ABSTRACT: Ric-8A (resistance to inhibitors of cholinesterase 8A) and Ric-8B are guanine nucleotide exchange factors that enhance different heterotrimeric guanine nucleotide-binding protein (G protein) signaling pathways by unknown mechanisms. Because transgenic disruption of Ric-8A or Ric-8B in mice caused early embryonic lethality, we derived viable Ric-8A- or Ric-8B-deleted embryonic stem (ES) cell lines from blastocysts of these mice. We observed pleiotropic G protein signaling defects in Ric-8A(-/-) ES cells, which resulted from reduced steady-state amounts of Gα(i), Gα(q), and Gα(13) proteins to <5% of those of wild-type cells. The amounts of Gα(s) and total Gβ protein were partially reduced in Ric-8A(-/-) cells compared to those in wild-type cells, and only the amount of Gα(s) was reduced substantially in Ric-8B(-/-) cells. The abundances of mRNAs encoding the G protein α subunits were largely unchanged by loss of Ric-8A or Ric-8B. The plasma membrane residence of G proteins persisted in the absence of Ric-8 but was markedly reduced compared to that in wild-type cells. Endogenous Gα(i) and Gα(q) were efficiently translated in Ric-8A(-/-) cells but integrated into endomembranes poorly; however, the reduced amounts of G protein α subunits that reached the membrane still bound to nascent Gβγ. Finally, Gα(i), Gα(q), and Gβ(1) proteins exhibited accelerated rates of degradation in Ric-8A(-/-) cells compared to those in wild-type cells. Together, these data suggest that Ric-8 proteins are molecular chaperones required for the initial association of nascent Gα subunits with cellular membranes.
    Science Signaling 11/2011; 4(200):ra79. DOI:10.1126/scisignal.2002223 · 7.65 Impact Factor
  • [Show abstract] [Hide abstract]
    ABSTRACT: Signaling via heterotrimeric G-proteins is evoked by agonist-mediated stimulation of seven transmembrane spanning receptors (GPCRs). During the last decade it has become apparent that Gα subunits can be activated by receptor-independent mechanisms. Ric-8 belongs to a highly conserved protein family that regulates heterotrimeric G-protein function, acting as a non-canonical guanine nucleotide exchange factors (GEF) over a subset of Gα subunits. In this review we discuss the roles of Ric-8 in the regulation of diverse cell functions, emphasizing the contribution of its multiple domain protein structure in these diverse functions.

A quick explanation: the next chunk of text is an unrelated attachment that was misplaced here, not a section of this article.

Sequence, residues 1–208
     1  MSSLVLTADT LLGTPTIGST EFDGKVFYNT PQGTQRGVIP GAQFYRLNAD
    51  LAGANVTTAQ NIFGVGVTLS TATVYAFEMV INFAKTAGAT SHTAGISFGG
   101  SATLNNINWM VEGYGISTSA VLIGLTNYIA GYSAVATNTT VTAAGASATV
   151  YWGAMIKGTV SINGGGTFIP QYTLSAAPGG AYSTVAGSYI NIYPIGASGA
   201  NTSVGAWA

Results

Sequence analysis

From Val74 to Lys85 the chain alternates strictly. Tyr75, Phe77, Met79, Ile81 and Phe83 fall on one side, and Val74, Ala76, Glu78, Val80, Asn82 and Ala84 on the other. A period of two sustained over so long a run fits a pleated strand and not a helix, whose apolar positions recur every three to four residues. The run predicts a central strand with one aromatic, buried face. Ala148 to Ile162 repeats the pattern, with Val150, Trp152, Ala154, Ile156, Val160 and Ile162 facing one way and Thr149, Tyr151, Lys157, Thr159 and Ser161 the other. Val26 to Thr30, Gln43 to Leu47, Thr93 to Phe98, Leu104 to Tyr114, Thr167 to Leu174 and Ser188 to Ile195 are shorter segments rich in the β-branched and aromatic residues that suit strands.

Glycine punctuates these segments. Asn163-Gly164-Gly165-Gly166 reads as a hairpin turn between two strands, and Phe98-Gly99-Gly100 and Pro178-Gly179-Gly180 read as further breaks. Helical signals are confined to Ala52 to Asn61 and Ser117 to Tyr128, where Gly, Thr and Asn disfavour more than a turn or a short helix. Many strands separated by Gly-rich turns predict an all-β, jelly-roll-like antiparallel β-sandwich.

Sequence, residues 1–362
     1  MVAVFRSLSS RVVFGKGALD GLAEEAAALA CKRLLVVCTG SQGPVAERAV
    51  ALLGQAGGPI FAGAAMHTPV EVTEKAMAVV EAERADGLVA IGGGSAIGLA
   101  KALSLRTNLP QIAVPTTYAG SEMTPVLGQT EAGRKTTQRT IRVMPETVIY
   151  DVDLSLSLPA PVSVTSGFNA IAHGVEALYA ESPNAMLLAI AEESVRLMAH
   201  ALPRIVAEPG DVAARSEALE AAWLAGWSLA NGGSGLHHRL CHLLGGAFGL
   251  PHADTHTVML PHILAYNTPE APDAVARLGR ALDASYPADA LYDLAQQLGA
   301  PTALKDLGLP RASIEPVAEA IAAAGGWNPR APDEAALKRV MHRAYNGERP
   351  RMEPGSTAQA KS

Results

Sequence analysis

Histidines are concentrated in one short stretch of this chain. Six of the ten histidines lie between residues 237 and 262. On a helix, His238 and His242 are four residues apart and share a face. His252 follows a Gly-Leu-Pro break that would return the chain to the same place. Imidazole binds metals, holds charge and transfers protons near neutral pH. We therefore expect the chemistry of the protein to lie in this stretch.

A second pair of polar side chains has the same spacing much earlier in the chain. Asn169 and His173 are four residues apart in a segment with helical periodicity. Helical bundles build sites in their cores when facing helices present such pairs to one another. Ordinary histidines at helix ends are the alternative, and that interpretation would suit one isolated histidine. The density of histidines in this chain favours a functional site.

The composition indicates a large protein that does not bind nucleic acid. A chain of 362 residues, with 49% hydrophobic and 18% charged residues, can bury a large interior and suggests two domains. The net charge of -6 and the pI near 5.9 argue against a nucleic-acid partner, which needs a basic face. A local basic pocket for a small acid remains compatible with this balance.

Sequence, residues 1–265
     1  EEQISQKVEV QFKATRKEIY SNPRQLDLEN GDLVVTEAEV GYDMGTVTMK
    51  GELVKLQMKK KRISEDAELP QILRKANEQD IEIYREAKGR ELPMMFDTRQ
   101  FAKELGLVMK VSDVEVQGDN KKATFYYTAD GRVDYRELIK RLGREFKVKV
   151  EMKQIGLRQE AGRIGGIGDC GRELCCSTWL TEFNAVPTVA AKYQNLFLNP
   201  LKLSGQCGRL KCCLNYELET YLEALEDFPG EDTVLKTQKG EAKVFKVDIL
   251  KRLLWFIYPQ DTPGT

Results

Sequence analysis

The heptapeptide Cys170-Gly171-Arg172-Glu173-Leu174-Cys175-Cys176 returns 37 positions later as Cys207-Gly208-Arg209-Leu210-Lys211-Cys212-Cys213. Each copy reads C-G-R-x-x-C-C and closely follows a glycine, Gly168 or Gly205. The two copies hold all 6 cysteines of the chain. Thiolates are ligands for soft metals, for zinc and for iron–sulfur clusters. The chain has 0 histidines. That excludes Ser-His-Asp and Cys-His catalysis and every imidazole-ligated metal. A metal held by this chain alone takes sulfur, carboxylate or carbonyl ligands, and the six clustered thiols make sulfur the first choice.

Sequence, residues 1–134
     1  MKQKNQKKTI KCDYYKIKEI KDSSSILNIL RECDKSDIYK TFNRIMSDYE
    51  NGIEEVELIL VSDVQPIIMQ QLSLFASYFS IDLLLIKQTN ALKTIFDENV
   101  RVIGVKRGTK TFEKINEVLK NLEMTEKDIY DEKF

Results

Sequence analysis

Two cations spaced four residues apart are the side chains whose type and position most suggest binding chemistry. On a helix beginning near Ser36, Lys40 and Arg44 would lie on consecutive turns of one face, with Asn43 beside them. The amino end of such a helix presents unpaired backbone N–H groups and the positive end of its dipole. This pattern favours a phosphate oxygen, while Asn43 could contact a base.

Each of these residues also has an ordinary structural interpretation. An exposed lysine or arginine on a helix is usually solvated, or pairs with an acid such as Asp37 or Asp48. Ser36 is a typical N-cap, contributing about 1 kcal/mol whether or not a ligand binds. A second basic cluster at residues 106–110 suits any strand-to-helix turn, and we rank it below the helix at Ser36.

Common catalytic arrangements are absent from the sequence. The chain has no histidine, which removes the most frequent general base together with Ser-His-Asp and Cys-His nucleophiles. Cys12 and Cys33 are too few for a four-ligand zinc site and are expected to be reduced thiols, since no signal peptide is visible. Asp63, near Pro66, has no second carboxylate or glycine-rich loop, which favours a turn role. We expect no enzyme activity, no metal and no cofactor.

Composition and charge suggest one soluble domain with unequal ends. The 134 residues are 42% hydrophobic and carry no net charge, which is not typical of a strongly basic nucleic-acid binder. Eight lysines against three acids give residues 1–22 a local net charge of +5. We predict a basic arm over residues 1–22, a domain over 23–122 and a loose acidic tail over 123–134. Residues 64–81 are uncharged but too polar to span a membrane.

Journal of Cellular Biochemistry 09/2012; 113(9):2797-805. DOI:10.1002/jcb.24162 · 3.37 Impact Factor
  • [Show abstract] [Hide abstract]
    ABSTRACT: Immature stage VI Xenopus oocytes are arrested at the G(2)/M border of meiosis I until exposed to progesterone, which induces meiotic resumption through a non-genomic mechanism. One of the earliest events produced by this hormone is inhibition of the plasma membrane enzyme adenylyl cyclase (AC), with the concomitant drop in intracellular cAMP levels and reinitiation of the cell cycle. Recently Gsalpha and Gbetagamma have been shown to play an important role as positive regulators of Xenopus oocyte AC, maintaining the oocyte in the arrested state. However, a question that still remains unanswered, is how the activated state of Gsalpha and Gbetagamma is achieved in the immature oocyte, since no receptor or ligand have been found to be required. Here we provide evidence that xRic-8 can act in vitro and in vivo as a GEF for Gsalpha. Overexpression of xRic-8, through mRNA injection, greatly inhibits progesterone induced oocyte maturation and endogenous xRic-8 mRNA depletion, through siRNA microinjection, induces spontaneous oocyte maturation. These results suggest that xRic-8 is participating in the immature oocyte by keeping Gsalpha-Gbetagamma-AC signaling complex in an activated state and therefore maintaining G2 arrest.
    Journal of Cellular Physiology 03/2008; 214(3):673-80. DOI:10.1002/jcp.21257 · 3.87 Impact Factor